As organizations turn to artificial intelligence and machine learning to help eliminate human bias in the recruitment and employee management processes, the opposite can occur. In fact, AI-managed systems can create bigger bias problems. In last week’s issue of CWS 3.0, I discussed the potential risks of using such tools without proper oversight. Here, I cover the actions being undertaken to provide oversight in this arena, both from companies themselves as well as the US government.
Data & Trust Alliance. More than a dozen of the world’s large employers in December announced they are adopting criteria to mitigate data and algorithmic bias in human resources and workforce decisions — including recruiting, compensation and employee development.
The companies are members of the Data & Trust Alliance, which resides within the Center for Global Enterprise, a New York-based nonprofit. Established in 2020, The Data & Trust Alliance brings together businesses and institutions across multiple industries to learn, develop and adopt responsible data and AI practices. The consortium is co-chaired by Ken Chenault, General Catalyst chairman and managing director, and former American Express chairman and CEO; and Sam Palmisano, former IBM chairman and CEO. Jon Iwata, founding executive director, works with a cross-functional team of senior executives selected by their CEOs to identify and drive Alliance projects.
Palmisano discusses the Data & Trust Alliance in a Bloomberg Markets “Balance of Power” video.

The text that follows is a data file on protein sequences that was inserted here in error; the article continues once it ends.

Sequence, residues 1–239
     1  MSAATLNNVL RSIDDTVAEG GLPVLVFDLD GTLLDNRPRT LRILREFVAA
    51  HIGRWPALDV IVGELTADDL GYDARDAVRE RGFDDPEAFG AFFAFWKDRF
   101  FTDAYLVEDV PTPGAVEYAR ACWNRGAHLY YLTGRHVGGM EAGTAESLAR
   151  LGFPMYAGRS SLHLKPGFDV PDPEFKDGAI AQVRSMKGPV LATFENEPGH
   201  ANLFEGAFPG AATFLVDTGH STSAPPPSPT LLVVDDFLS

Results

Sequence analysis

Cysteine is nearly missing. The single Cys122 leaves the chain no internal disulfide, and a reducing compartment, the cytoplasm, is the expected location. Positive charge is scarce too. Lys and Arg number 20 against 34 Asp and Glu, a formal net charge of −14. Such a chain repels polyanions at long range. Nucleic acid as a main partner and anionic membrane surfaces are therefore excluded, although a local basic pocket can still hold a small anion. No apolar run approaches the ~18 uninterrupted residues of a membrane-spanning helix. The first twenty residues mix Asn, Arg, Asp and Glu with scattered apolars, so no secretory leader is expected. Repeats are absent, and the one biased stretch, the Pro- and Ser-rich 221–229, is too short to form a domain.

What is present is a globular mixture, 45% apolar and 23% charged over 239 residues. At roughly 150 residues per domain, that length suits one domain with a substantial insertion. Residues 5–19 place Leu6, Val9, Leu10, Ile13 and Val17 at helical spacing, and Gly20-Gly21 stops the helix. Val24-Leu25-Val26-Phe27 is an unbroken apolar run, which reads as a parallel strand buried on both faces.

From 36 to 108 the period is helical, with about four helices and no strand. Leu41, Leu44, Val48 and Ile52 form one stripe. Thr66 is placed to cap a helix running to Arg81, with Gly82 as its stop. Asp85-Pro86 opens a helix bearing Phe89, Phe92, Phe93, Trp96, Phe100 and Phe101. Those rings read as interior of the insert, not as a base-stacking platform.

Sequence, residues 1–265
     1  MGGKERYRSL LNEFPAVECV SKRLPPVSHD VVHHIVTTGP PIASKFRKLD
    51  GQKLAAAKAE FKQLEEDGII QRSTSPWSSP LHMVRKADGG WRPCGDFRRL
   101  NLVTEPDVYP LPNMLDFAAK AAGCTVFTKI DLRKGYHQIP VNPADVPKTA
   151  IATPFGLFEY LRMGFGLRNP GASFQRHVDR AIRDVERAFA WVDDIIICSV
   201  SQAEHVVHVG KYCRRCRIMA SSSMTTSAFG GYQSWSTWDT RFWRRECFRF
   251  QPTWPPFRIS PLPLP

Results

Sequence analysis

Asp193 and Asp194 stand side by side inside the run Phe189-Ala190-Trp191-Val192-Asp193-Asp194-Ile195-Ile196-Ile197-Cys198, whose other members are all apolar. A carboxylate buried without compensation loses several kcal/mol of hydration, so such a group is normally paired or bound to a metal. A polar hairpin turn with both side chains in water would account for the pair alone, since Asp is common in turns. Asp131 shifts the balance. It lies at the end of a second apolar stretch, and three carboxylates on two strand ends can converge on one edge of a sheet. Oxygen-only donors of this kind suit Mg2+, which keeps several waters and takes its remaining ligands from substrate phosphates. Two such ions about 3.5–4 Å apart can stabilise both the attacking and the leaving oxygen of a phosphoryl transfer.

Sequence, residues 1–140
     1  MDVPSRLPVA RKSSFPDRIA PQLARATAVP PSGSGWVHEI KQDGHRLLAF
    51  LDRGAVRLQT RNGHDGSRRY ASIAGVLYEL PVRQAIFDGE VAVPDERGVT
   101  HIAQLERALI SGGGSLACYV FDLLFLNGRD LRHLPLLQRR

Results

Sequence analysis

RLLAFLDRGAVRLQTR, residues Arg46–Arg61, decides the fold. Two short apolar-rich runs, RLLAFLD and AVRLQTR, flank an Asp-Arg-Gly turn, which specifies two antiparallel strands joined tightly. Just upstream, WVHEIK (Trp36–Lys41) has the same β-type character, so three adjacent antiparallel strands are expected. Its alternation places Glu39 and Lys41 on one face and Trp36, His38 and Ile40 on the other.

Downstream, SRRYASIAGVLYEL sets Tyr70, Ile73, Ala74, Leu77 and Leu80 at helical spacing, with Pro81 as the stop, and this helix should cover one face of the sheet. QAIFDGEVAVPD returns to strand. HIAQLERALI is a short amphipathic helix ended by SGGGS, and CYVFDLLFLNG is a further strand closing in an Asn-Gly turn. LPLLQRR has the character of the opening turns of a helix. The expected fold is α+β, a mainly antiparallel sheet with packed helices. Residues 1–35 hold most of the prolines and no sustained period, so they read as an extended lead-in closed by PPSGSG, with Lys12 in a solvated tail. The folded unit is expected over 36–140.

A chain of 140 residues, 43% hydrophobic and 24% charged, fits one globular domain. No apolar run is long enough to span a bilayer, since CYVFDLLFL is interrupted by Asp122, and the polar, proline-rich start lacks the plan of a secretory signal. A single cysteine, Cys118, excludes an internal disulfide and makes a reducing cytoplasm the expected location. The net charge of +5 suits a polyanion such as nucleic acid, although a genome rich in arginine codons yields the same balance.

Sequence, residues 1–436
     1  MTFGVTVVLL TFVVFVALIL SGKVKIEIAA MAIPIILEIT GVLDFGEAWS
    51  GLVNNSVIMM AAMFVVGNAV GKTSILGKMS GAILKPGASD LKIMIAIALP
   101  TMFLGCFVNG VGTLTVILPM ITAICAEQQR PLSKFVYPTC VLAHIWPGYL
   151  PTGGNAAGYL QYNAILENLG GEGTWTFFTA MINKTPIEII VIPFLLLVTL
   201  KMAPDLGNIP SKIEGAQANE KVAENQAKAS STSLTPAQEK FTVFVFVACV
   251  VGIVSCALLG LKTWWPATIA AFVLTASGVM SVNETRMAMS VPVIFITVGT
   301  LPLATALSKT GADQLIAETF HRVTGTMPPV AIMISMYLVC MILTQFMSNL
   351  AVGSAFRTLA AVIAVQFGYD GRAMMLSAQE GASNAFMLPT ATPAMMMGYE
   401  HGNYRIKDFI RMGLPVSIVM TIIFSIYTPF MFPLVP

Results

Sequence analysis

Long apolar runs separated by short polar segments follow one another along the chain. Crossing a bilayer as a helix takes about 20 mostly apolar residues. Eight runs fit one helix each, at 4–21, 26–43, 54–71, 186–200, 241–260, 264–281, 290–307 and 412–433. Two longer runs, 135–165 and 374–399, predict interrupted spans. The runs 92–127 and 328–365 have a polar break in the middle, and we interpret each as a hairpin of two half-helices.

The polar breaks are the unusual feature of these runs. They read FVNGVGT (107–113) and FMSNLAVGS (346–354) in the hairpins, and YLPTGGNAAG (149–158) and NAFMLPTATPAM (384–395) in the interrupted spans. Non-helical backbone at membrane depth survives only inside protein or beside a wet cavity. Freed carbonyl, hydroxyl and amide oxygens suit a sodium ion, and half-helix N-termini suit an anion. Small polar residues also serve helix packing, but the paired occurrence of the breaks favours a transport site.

The alliance’s first initiative, “Algorithmic Safety: Mitigating Bias in Workforce Decisions,” is designed to help companies evaluate vendors based on their ability to detect, mitigate and monitor algorithmic bias. The safeguards include 55 questions in 13 categories that can be adapted by companies to evaluate vendors on criteria including training data and model design; bias testing methods; bias remediation; transparency and accountability; and AI ethics and diversity commitments.
“As businesses transition from ‘going digital’ to becoming ‘data enterprises,’ it is imperative to unlock the value of data and AI in ways that earn trust with every stakeholder,” says Doug McMillon, president and CEO of Walmart, and the current chairman of Business Roundtable. “Developed and used responsibly, these systems hold the promise of making our workforces more diverse, more inclusive and ultimately more innovative.”
Companies adopting the safeguards include American Express, CVS Health, Deloitte, Diveplane, General Motors, Humana, IBM, Mastercard, Meta, Nielsen, Nike, Under Armour and Walmart. Collectively, they employ more than 3.7 million people. Additional Alliance companies are evaluating the safeguards and are expected to adopt them.
“As we accelerate our digital transformation, we also have to ensure that the way we are using data and AI is consistent with our values,” says Laurie Havanec, chief people officer at CVS Health. “Our work to mitigate bias in human resources and recruiting will help us build more diverse and inclusive teams that we know will produce better results for our companies and our communities.”
EEOC initiative. The US Equal Employment Opportunity Commission in October launched an initiative to ensure that AI and other emerging tools used in hiring and other employment decisions comply with federal civil rights laws that the agency enforces.